by David R. Brown

Shakespeare. Wikipedia image

Many people often think the plays of William Shakespeare are boring, too difficult to understand, or simply not relevant for our time. Some may object to the Elizabethan language. Others say his plays are too sophisticated. Then, there are those people who, after attending one bad performance, come to the conclusion they will never enjoy seeing a Shakespeare play again.

Too many directors do not understand that Shakespeare wrote from a Biblical perspective. When a play is presented without a thorough understanding of the principles applied by Shakespeare to the plot and dialogue, the performance will often depict vulgar or overt sensual actions never intended by the playwright. It is true that some of these ideas are present in subtle form, but never intended by the author to be depicted in specific detail.

Shakespeare also had one primary motive in developing his plays: to entertain. Many playwrights do not follow this principle. They choose to write plays that appeal to what is politically correct or put forth a moral agenda. If the primary objective of a play is something other than entertainment, the play will appeal only to a limited audience and fail to bring in a broad base of patrons. Some directors today do the same thing with Shakespeare plays. They work into the presentation their own political agenda. Unless audiences are in agreement, they will react with confusion or disgust.

Because Shakespeare understood good business principles, he was prepared to compete at the highest level of theater, the London stage. He probably learned how to run a business successfully by observing his father’s success as a tanner and seller of leather goods in Stratford. If the shop did not make money, the family was in trouble. Also, he became part of the London theater scene at an opportune time. Most plays on the Elizabethan stage at that time were vulgar and/or filled with overt sexual content. Most of the playwrights did not comprehend the necessity to write for people in all classes. Shakespeare wrote for both royalty and the common man. Because of his ability to intertwine the principles he had learned from Scripture into his plays, often with subtle innuendos, he developed a depth in his writing never before seen on the London stage.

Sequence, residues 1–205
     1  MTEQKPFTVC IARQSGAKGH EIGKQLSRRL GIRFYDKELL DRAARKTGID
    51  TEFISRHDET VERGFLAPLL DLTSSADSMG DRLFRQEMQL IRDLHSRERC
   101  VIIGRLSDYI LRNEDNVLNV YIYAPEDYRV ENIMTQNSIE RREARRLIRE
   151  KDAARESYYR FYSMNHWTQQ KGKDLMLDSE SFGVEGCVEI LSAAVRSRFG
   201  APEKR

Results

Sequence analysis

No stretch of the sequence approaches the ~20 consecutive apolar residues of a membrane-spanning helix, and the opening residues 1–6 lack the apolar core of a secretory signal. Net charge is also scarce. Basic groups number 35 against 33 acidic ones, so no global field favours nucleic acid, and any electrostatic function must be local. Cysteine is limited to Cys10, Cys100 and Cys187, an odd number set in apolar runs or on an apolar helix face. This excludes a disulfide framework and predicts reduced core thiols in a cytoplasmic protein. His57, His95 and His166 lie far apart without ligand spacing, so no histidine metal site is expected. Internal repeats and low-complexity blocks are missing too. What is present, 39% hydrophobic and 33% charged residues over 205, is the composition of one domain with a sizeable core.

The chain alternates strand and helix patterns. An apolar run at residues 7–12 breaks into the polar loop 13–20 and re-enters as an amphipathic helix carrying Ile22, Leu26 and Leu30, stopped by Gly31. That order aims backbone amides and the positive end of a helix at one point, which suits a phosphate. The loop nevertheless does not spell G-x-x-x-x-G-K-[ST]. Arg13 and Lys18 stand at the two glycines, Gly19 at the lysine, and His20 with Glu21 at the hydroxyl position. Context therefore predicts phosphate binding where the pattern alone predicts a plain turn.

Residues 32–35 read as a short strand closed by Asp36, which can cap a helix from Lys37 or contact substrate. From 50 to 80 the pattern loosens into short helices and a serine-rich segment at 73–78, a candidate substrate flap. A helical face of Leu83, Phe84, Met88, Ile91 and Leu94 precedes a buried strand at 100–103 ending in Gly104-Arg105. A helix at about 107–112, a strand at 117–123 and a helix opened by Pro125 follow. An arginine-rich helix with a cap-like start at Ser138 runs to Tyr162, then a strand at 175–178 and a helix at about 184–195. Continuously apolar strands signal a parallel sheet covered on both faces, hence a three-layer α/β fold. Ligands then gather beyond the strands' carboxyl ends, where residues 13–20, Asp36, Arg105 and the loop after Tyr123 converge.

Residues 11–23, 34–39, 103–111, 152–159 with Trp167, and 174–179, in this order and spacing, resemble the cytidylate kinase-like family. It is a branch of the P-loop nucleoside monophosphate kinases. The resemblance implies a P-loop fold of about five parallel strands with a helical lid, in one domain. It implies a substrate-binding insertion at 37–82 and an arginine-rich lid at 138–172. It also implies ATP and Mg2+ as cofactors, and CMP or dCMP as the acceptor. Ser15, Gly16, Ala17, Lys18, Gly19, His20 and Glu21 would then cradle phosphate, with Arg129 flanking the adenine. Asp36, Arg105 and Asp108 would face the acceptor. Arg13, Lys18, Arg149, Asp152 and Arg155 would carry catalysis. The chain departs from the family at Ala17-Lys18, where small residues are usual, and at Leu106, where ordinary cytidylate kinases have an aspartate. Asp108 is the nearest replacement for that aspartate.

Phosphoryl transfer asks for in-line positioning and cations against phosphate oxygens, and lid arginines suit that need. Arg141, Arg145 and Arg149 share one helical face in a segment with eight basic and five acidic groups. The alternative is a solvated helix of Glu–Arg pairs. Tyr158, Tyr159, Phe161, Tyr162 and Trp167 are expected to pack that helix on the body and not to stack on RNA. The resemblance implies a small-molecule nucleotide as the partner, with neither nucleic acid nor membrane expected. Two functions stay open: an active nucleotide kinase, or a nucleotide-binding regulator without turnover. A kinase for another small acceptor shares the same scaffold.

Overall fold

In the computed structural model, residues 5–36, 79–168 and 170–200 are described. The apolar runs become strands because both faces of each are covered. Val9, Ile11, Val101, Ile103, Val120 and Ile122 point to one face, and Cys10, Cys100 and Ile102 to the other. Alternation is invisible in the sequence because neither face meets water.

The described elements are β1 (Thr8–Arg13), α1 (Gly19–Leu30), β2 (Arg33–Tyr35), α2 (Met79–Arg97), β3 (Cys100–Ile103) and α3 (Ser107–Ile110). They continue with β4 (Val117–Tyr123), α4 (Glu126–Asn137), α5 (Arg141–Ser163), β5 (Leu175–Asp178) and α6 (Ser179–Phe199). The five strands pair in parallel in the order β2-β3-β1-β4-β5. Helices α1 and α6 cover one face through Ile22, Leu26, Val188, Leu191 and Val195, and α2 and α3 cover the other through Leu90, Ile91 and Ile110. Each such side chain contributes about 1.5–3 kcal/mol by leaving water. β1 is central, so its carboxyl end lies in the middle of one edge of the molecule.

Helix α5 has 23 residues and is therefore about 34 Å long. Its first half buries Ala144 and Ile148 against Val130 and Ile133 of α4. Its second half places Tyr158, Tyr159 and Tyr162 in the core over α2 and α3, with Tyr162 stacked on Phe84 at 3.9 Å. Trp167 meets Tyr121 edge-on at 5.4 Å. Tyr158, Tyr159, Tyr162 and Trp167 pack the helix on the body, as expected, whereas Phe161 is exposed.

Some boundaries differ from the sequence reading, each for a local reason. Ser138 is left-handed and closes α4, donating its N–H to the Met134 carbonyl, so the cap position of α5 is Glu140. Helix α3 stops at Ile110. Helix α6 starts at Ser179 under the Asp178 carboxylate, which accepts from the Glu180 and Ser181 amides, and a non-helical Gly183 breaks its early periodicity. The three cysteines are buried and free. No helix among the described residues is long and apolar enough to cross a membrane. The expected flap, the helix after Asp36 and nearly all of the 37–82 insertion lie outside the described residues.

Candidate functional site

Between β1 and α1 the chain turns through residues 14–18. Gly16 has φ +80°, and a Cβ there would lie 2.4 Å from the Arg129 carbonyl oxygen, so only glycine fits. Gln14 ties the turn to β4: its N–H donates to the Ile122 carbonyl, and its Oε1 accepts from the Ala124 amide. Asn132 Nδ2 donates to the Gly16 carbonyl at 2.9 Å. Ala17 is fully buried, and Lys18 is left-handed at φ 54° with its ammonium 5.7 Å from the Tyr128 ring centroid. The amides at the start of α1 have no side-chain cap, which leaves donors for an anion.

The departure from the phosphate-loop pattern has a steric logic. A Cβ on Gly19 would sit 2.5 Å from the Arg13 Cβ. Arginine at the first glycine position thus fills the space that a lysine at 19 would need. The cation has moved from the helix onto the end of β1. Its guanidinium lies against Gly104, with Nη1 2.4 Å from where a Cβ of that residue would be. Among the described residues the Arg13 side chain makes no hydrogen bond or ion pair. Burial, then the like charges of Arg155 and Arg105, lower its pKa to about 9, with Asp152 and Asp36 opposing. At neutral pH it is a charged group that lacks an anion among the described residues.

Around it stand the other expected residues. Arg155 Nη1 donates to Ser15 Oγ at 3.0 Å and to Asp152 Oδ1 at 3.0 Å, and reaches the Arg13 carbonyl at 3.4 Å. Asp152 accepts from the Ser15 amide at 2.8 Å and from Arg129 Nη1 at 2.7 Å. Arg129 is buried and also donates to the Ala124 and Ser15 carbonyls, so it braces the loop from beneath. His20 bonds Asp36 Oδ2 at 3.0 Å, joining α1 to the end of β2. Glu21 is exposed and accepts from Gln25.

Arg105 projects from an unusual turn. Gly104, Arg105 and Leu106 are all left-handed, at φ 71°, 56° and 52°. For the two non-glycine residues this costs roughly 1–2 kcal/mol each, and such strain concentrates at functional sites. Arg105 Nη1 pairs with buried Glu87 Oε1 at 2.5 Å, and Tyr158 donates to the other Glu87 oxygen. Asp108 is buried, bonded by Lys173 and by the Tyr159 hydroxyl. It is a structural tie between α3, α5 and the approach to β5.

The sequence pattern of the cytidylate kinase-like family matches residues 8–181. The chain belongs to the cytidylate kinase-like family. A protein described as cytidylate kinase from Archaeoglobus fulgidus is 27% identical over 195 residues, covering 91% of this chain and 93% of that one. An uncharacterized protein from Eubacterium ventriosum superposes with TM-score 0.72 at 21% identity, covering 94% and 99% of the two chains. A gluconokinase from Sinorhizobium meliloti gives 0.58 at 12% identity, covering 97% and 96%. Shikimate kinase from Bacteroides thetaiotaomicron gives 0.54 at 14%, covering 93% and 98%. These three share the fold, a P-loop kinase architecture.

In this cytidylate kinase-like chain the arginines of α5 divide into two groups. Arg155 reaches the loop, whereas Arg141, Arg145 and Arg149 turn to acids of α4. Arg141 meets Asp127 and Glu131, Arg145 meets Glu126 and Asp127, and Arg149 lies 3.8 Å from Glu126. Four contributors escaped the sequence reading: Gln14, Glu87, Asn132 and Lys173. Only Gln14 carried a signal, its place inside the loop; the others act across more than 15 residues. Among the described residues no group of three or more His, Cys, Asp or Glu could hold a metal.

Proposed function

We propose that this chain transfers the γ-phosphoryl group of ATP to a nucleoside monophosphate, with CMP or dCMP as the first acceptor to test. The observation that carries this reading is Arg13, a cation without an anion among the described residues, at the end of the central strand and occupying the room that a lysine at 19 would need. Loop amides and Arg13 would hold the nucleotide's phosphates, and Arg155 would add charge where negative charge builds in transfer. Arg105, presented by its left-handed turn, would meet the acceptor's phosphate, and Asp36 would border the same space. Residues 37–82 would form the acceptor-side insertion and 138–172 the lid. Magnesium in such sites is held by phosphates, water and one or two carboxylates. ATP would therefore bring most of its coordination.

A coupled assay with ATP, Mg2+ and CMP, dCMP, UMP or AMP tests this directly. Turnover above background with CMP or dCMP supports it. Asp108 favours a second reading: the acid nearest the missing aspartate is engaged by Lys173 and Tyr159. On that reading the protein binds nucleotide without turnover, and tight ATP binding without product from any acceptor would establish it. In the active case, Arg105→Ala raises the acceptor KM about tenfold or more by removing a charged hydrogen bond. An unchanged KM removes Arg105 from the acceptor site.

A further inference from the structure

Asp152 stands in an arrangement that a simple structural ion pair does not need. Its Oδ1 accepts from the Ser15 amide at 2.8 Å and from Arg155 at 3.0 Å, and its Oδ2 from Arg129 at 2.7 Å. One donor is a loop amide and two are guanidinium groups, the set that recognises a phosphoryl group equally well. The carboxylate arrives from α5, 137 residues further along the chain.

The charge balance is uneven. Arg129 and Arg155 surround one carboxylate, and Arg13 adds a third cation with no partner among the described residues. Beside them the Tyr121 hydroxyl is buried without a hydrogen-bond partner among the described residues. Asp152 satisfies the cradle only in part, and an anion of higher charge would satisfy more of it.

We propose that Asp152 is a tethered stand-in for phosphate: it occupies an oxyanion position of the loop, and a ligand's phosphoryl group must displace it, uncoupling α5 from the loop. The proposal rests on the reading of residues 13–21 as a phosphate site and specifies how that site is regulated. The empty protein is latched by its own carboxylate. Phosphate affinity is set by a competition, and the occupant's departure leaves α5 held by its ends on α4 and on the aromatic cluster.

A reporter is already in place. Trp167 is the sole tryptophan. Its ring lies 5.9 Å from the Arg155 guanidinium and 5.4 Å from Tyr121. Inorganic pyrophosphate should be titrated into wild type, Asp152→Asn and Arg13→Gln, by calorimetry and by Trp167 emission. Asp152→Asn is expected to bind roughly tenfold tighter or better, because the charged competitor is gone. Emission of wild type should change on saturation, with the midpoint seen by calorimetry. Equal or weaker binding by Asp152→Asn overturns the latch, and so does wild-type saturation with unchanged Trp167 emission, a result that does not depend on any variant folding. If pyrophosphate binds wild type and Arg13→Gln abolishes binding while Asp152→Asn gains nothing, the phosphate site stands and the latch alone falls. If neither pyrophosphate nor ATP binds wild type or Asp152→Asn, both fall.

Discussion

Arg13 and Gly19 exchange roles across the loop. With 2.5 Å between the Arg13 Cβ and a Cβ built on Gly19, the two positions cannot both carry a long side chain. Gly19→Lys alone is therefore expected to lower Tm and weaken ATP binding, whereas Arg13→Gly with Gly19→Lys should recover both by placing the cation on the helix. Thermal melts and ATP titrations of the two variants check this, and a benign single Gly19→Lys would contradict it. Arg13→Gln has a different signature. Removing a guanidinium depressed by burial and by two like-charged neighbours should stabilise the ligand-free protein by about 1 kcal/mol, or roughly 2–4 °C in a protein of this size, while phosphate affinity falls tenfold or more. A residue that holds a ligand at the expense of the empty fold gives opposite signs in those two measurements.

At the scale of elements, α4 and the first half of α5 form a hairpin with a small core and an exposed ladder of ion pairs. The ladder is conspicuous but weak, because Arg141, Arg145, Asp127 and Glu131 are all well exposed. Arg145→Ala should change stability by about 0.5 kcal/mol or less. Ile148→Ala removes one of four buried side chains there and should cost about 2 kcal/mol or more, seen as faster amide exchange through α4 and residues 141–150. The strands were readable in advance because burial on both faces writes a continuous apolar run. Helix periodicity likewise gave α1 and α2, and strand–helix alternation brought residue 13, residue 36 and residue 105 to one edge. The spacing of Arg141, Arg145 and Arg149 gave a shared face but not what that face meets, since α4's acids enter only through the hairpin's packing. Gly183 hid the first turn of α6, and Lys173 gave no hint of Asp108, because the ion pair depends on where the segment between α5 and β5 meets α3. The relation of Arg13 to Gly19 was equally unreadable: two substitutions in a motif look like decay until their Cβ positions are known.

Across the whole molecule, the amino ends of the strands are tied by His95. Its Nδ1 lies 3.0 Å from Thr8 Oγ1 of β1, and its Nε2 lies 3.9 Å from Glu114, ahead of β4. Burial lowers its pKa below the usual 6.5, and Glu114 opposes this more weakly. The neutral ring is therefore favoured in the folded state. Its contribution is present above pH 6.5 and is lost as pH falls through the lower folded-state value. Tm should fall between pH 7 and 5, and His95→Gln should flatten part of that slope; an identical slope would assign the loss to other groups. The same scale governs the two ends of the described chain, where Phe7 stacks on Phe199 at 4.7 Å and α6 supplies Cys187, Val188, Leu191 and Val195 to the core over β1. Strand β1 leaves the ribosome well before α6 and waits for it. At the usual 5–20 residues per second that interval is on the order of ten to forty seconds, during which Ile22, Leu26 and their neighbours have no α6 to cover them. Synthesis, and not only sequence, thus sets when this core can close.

It is Shakespeare’s incredible depth of understanding of the human condition and the need for salvation that causes the serious student to desire a more advanced study of the Bard’s creative and stimulating work. When I discovered how much I could learn by an intensive study, I was dedicated to a lifetime with the greatest playwright of all time. That is the reason I enjoy seeing these wonderful plays over and over, as well as reading through each script. After many years of teaching college and high school students, as well as my annual lectures on each play at Ashland, I was offered the opportunity to direct As You Like It. The theme of this play is “conversion from the world.” Two very evil men, before the story has ended, have been changed from their evil intent and wicked character to men dedicated to help others.

Character development is another important aspect of the development of drama. Shakespeare sharpened this skill throughout his writing career, and he achieved this by showing in the characters of his plays their detailed personality traits intertwined with their moral character in such a way that audiences often identify with some of his characters. This identification may be one of like or dislike, trust or distrust, and in some cases, love or hate. Hamlet, Lear, Richard II, Dogberry, Falstaff are merely characters in a play, but they become so alive on the stage that they seem almost real to the student, who has invested a deep interest in the drama.